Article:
In the department of Biography, the literature of our Church in this country has been somewhat copious and rich. The well known Memoirs of Bishops White, Hobart, Ravenscroft, Moore, and Griswold, and those of Bedell, Bayard, and others of the Clergy, while they contain interesting exhibitions of individual characteristics, and afford valuable materials for the ecclesiastical historian, were produced under circumstances which held out no temptation to the writers to conceal or suppress any of those doctrines of faith or principles of polity which they held in common as members and ministers of the same communion. The books referred to present variety in
connexion with unity. Their aspects are widely different, arising from the difference of temperament, of feeling, of habits and associations in their respective subjects; and each receive a peculiar tinge or coloring from the like peculiarities in their respective authors. But, after all, it is only such a difference as is found in the features and expression of the human countenance in different individuals, in the varieties of species under the same genus, or in members of the same family. In those biographies we find gradations of Church principles and varieties of religious opinion on doctrinal matters of lesser importance, without any irreconcilable contrariety in what may be justly styled the fundamentals of religion. They thus furnish a beautiful illustration of that catholic and comprehensive feature of the Church, which admits of great diversity of opinion as to circumstantials, in harmony with entire unity of faith as to essentials.
A long and intimate acquaintance with the late Dr. Milnor had produced in us a high estimate of his noble properties as a man, in whom the most valuable intellectual powers were sweetly blended with the gentler virtues; as a Christian of transparent sincerity, trustful faith, fervent zeal, and exemplary devotion; as a Pastor, who with wise prudence fully consecrated himself to his Master's service, and, with untiring diligence, labored for the salvation of souls, and the edification of the body of Christ; as a Churchman, strong and intelligent in his attachment to the doctrines, worship, and discipline of the Church at whose altars he served; while with a heart overflowing with charity, he wished "grace to all those who love our Lord Jesus Christ in sincerity.'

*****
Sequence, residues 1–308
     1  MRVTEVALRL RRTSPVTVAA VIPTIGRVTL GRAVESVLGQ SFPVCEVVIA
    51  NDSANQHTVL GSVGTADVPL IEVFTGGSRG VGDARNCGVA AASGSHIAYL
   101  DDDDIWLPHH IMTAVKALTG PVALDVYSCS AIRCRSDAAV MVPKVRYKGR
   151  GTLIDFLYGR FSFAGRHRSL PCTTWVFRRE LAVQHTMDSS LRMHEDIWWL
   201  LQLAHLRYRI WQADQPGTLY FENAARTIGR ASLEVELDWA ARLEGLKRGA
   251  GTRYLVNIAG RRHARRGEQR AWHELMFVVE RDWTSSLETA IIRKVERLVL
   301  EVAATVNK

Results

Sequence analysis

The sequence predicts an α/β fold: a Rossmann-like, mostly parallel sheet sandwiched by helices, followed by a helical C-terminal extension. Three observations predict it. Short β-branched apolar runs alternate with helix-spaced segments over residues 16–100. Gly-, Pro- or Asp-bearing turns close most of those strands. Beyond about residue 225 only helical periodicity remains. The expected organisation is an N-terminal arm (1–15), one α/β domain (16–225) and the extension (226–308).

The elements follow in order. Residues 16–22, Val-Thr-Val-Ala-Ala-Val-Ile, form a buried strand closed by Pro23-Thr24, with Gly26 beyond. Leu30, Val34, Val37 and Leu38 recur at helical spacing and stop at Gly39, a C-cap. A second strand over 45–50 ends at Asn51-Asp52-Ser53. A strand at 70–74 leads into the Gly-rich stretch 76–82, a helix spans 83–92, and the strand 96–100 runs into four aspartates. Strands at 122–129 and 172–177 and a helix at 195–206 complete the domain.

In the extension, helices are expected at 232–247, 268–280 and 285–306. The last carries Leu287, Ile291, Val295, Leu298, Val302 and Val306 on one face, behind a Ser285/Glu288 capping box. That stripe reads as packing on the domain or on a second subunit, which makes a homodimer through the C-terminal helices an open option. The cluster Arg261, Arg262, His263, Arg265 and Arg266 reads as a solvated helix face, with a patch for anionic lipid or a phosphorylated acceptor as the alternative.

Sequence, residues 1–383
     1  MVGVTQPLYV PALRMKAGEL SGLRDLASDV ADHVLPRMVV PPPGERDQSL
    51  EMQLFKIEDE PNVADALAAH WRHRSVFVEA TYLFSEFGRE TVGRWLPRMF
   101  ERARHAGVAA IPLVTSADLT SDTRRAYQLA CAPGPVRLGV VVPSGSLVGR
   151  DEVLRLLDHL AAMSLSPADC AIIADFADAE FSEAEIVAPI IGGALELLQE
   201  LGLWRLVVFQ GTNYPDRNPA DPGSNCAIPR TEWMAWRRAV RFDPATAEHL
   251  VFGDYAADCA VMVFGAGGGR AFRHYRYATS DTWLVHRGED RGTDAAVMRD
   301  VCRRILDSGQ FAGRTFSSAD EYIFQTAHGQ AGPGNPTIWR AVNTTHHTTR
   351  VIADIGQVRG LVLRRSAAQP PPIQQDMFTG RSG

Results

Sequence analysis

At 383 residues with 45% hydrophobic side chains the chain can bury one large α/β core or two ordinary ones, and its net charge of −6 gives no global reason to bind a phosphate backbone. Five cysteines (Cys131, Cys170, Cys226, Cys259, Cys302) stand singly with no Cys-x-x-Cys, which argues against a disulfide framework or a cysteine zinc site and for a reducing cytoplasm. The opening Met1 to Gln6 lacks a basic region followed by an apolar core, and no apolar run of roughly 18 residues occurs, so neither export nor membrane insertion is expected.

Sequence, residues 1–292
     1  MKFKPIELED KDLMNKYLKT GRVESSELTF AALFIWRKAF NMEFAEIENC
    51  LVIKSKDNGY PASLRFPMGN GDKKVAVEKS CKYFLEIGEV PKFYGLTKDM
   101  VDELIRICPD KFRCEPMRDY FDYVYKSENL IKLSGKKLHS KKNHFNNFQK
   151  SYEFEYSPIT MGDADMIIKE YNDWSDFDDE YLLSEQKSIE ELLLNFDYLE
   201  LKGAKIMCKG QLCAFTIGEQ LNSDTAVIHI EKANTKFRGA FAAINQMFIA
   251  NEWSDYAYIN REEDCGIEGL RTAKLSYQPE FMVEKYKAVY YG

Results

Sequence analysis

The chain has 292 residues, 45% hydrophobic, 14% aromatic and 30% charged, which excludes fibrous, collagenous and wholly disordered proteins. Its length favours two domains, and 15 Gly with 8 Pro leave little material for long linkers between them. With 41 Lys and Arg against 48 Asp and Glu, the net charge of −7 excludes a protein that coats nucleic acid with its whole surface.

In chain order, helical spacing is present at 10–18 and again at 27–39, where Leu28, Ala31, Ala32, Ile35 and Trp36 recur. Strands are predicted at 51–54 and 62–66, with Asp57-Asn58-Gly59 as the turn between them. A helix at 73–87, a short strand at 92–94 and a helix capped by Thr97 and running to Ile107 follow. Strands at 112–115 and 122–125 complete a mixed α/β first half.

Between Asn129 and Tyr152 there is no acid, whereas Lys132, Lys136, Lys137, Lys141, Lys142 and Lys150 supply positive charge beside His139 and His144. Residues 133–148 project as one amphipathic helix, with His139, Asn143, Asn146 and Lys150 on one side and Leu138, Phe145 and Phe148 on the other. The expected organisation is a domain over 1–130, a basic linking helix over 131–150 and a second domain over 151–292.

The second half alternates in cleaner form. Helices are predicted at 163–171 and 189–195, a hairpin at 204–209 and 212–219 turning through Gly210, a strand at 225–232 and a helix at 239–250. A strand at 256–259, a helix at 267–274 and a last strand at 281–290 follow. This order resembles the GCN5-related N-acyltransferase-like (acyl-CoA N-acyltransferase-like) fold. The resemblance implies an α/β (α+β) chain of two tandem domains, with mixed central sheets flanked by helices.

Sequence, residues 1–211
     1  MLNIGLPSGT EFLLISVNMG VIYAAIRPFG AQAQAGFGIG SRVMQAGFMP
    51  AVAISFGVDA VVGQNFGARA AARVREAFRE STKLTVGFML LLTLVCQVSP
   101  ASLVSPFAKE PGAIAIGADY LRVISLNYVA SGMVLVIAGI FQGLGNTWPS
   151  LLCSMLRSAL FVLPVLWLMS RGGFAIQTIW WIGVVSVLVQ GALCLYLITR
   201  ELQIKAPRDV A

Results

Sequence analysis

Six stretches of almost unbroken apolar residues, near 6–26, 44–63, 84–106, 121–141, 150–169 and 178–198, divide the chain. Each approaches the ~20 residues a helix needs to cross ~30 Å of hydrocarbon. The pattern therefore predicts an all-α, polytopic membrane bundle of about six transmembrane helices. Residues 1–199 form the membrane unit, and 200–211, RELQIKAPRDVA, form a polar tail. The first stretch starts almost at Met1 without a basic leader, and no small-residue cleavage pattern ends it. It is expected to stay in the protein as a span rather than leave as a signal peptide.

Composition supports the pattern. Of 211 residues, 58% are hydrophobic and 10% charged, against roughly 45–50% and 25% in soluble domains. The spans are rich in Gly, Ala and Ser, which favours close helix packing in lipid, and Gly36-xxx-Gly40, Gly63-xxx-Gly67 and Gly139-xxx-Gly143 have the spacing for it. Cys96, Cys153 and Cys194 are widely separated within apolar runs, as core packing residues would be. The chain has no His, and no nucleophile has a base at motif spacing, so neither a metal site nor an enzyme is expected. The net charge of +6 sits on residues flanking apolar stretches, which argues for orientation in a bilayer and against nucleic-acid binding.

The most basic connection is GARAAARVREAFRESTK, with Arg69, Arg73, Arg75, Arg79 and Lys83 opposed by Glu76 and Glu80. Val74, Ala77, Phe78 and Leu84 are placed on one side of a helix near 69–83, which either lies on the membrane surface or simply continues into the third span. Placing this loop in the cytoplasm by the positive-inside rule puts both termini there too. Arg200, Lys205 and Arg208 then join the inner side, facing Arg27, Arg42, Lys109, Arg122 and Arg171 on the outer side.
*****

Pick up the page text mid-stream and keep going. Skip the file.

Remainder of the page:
We could have wished the biography of such a man to be written by one who entirely harmonized with him in his doctrinal views and his religious experience; and that it should have been written under circumstances which left no ground for distrust or doubtfulness whether it gave a representation of his character and principles in their fullness and integrity.
We say not that these desirable requisites were wanting in the preparation of the volume before us. But it must be evident to every reflecting mind, that an author, in preparing the life of an Episcopal Clergyman, to be submitted to the examination and published under the auspices of a Society which excludes all that is distinctive in the different forms of evangelical profession, and can feel no greater sympathy with Episcopalianism than with Presbyterianism, Methodism, or Congregationalism,-it is evident, we say, that an author so situated, however anxious to be truthful, must be, however
unconsciously, laboring under strong temptation to avoid every topic which may be offensive to his patrons, and also to present his subject in such a light as will render it most agreeable to their prepossessions and prejudices.
We have no doubt of Dr. Stone's sincere purpose to give an honest and impartial representation of the life and character of that eminent servant of God, whose Memoir he has written. But in reading it, we cannot divest ourselves of the idea that some of its parts have received a coloring from the peculiar views and relations of its author, while other parts have received their precise modification from the embarrassing and trammeling auspices under which it was to be issued.
The book, on the whole, is creditable to the talents and scholarship of the author. The only drawback to this praise, will be found in a few paragraphs, in which the purity of the composition is injured by an affectation of stateliness, a mistaking of verbiage for strength, a forcing of metaphors, and an inflation of style, which would be much more excusable in one who could shelter himself under the plea of juvenility, than in a gray-haired, venerable Doctor of Divinity. The volume will have a wide circulation,-like every thing which comes from the Tract Society's press. Multitudes of other names will read it with eagerness. And although we could have wished it to have been different in some respects, yet we will hope that it may remove from the minds of many of its readers, their prejudices against a Church which has shown itself capable of forming a Christian so lovely, and a minister so faithful, as the sainted one whose life it records.
In the present article we shall glance at the most important events contained in this Memoir, and while we commend the many excellent things which are here presented to our contemplation, we shall, with the impartiality of Church Reviewers, notice, in the spirit of brotherly kindness and charity, what we believe to be mistakes and blemishes.
Of the ancestors of Dr. Milnor, little information is given. except that his parents were descendants of the early settlers of Pennsylvania, and both belonged to the respectable society of "Friends," of which William Penn was the founder in the colony which, as a State, still bears his name. William Milnor, the Doctor's father, is represented to have been a man possessed of a cheerful and equable temperament, in combination with great energy and incorruptible integrity. He was, at one time, the business agent of General Washington in Philadelphia, and had a partnership with that great man, (whose confidence he fully enjoyed,) in certain fisheries upon the
VOL. II.-NO. I.